Author Archives: Estefany M Gonzaga

About Estefany M Gonzaga

First Gen | Student Parent | Digital Humanities & Pedagogy Graduate Student | Higher Education Professional Talks about #graphicdesign, #peermentorship, #studentsuccess, #digitallearning, and #professionaldevelopment Estefany Marlen Gonzaga is the Program Coordinator for LaGuardia’s Student Success Mentor (SSM) Program. In this role, she recruits, trains, and guides student leaders who mentor and support new-to-college students in the discipline-specific First-Year Seminar Studio Hour Lab. Having been a mentee and mentor herself, Estefany understands the value and impact of peer mentorship and leverages these experiences in her work with SSMs. Throughout her ten years in CUNY, she has listened to the reasons New Majority students go to college and captured their stories in the video “I am going to college because…” referenced in Cathy N. Davidson’s book The New Education. Estefany holds an Associate of Science in Business Administration from LaGuardia Community College and a Bachelor of Arts in Business Communication (specialization in Graphic Communication) from Baruch College. In the Fall of 2022, she will continue her studies at the CUNY Graduate Center to pursue a Master of Arts in Digital Humanities, Digital Pedagogy.

First-Generation College Students: Digital Peer Mentorship via Social Media


First-generation college students are the first in their families to go to college. Since they are the first in their families, they are often left to figure out the complicated higher education system in the United States of America on their own. Without proper guidance, students can feel overwhelmed by filling out complex applications such as the FASFA and scholarship application and, among other unfamiliar tasks, to enroll and stay in college.  They need help understanding college 101 terminology such as prerequisites, capstone, or hybrid. A lack of understanding of Student Success strategies such as time management, Habits of Mind, or navigating several digital tools can be detrimental to their college success. Because of such complicated and unfamiliar higher education territory, students can feel alone and as if they don’t belong in an institution of higher learning. They may also be unfamiliar with the college resources available, such as the Wellness Center, Tutoring Services, Offices of Accessibility, or the Ombudsman Office.  This can cause students to get stressed, have anxiety, and, unfortunately, drop out of college.

Peer Mentorship via Social Media digital project aims to provide peer mentorship through platforms where students would most effectively receive information, such as social media platforms like Instagram or Tic Tok. This content would be created and curated by a team of mentorship experts, mentors, and mentees. The goal is for First Generation students to learn and be prepared to succeed in college regardless of the hurdles they may face.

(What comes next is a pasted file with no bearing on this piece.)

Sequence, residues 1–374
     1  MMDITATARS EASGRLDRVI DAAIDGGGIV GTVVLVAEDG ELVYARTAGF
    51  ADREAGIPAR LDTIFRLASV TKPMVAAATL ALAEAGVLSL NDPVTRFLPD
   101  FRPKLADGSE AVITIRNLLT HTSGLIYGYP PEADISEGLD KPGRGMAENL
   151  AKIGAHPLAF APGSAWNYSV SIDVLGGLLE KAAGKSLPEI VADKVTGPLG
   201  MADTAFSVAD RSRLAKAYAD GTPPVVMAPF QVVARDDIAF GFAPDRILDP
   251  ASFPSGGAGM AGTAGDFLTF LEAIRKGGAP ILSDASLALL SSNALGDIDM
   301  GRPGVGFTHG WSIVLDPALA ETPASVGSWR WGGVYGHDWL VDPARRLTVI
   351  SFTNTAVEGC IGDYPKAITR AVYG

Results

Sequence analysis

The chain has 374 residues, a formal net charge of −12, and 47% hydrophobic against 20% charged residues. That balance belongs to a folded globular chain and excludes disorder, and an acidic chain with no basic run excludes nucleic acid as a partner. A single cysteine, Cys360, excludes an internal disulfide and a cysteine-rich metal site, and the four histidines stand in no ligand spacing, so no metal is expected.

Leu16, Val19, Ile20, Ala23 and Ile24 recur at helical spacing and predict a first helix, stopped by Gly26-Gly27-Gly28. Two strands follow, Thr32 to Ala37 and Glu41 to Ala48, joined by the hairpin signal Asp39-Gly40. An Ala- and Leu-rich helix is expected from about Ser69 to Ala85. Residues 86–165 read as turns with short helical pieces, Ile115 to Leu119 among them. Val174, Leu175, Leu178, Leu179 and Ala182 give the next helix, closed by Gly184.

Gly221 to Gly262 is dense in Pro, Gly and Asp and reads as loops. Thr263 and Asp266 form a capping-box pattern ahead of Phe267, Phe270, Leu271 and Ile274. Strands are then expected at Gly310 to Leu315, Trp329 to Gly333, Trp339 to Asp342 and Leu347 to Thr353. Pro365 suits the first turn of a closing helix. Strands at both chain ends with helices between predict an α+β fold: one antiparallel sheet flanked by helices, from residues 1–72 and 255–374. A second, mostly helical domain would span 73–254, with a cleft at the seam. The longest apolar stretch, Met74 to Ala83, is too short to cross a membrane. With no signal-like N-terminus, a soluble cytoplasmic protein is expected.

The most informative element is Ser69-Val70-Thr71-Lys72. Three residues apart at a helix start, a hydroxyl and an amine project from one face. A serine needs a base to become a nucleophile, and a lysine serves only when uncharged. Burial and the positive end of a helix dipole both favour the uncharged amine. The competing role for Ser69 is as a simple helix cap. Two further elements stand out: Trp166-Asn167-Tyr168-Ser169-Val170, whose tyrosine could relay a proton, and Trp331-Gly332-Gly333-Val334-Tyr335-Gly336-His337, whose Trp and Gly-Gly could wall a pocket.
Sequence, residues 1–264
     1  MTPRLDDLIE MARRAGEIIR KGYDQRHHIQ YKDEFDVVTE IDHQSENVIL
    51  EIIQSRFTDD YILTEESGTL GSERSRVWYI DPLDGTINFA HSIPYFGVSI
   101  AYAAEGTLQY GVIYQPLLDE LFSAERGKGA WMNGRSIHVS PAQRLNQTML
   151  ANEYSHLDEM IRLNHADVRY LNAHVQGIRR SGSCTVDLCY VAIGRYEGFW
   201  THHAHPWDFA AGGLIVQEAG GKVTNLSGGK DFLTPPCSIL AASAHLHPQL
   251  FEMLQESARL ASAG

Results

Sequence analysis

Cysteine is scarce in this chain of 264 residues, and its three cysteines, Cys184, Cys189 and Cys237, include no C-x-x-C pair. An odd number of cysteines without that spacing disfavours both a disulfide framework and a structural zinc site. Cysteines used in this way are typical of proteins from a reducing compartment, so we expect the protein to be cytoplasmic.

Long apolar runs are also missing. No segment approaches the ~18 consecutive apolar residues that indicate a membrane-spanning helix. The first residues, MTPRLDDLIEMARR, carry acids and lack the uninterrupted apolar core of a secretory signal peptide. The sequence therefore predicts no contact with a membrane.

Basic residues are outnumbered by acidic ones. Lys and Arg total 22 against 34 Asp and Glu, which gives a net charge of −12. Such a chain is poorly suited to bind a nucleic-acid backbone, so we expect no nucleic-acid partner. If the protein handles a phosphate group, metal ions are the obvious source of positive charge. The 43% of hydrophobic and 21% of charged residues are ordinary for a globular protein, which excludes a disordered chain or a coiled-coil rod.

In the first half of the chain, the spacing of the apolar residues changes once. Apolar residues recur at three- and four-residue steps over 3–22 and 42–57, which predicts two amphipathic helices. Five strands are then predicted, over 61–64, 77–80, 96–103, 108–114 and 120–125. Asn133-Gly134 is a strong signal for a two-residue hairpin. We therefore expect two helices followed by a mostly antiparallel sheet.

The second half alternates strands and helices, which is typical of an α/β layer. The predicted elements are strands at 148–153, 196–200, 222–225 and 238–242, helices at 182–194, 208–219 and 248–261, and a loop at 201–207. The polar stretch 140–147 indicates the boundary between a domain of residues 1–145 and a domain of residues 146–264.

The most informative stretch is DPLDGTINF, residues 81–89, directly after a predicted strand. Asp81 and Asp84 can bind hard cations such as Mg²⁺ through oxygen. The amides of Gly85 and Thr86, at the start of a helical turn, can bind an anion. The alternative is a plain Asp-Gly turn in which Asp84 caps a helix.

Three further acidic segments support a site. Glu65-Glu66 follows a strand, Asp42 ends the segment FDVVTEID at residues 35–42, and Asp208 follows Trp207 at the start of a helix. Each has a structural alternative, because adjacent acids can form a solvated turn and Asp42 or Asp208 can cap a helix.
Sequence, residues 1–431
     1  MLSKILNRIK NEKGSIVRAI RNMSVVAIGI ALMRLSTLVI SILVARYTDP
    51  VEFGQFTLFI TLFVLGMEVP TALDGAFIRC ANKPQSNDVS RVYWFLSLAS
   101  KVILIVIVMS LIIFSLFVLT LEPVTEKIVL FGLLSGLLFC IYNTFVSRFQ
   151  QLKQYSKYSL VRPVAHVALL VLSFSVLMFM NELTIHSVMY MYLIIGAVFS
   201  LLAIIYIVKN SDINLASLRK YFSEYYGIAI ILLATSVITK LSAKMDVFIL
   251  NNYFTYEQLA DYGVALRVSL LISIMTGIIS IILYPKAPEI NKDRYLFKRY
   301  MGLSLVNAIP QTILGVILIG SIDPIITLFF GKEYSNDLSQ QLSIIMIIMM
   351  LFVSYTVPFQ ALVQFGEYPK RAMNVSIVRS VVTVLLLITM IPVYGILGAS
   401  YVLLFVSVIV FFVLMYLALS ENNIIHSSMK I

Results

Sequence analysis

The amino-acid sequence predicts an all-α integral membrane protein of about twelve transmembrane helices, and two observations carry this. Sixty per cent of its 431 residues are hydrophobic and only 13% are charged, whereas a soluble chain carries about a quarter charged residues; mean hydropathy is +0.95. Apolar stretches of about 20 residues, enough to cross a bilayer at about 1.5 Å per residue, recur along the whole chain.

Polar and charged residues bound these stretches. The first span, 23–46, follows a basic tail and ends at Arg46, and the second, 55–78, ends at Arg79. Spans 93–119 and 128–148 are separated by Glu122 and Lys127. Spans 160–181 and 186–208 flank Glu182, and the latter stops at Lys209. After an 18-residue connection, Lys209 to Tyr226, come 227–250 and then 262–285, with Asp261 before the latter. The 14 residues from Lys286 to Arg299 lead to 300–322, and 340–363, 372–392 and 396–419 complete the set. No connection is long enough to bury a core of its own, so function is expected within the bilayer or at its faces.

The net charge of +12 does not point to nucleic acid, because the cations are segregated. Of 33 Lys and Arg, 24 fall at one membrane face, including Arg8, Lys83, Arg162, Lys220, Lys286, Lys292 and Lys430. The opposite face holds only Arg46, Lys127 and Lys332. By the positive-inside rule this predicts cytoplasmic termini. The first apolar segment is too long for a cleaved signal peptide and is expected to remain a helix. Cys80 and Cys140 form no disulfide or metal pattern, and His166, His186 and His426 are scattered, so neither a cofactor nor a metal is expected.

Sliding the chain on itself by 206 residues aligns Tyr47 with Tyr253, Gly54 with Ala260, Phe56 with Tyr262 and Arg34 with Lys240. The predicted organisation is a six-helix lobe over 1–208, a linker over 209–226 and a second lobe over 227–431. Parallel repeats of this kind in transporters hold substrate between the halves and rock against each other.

Click Here to learn more:

Creating Community Through Collaborative Projects | Pedagogy

The readings related to pedagogy allowed me to reflect and think about the work I do with students at LaGuardia Community College.


First-Year Seminar and Student Success Mentors

At LaGuardia Community College, I oversee the Student Success Mentor (SSM) Program. We hire 15 -20 students each semester. The SSMs in the program facilitate the studio hour lab session that is part of a discipline-specific First Year Seminar Course taught by faculty in the discipline and mentored by one of our SSMs. For example, if a first-year student is majoring in business, they will take the Business and Technology First Year Seminar Course. Currently, we have 16 discipline-specific courses. Our program serves approximately 2000 students who are enrolled in the First Year Seminar.

Learning Digital Communication Ability

Before students graduate and or transfer from our institution, they should learn Digital communication, Written Communication, and Oral communication as part of the Core Compemntices and Abilities. Students begin their development in Digital Communication Ability by creating their first Core ePortfolio on Digication. This ePortfolio goes on a journey with the student from the first semester at LaGuardia until their capstone course.

The Student Success Mentors play an instrumental role in helping students develop their first ePortfolio. Therefore, new SSMs undergo 30 hours of training (5 weeks) before facilitating their First Studio Hour. We touch on several topics ranging from the following:

  • Mentorship
  • DEI
  • Digital Tools
  • Class management
  • Empathy
  • Facilitation
  • Digital Communication
  • College Resouce and etc.

New and Returning SSMs also participate in Professional Development every semester to go over any updates related to technology or topics that need to be addressed.

Community Building Through Collaborative Digital Blog Projects

For the last eight years, the Student Success Mentor Community is very strong. They support each other. Therefore, it’s important for us to create opportunities for SSMs to work together on different projects beginning with the Blog they create with New SSMs and Returning SSMs.

At the culmination of their New SSM Training, the program takes the New SSMs and returning SSMs on a trip to a cultural site. The aim of this trip is to help the New SSMs and Returning SSMs to connect with each other, but also connect the training topics to the artifacts they observe and analyzed at a cultural site. We have visited the MET, Ellis Island, Museum of the City of New York. We provide SSMs with prompts to help them think about what they learned during training and how it’s connected to the artifact. As a team, they come together to answer these questions. They are instructed to take videos, and pictures and take notes. One example is, at the MET, we asked teams to select one artifact they saw at an assigned exhibition and explain how this artifact represents one of the SSM Core Values and how it relates back to the work they will be doing with students once the semester begins.

What to do with media? Computer Literacy Skills

As a former student of graphic design and new media arts I know firsthand how important it is to organize, name, categorize, and backup media. One of the techniques I emphasize before we begin our exploration at the exhibit is to make sure that we have the media in one platform such as google drive to upload and share the media with team members along with any notes they are making as they are documenting their experience.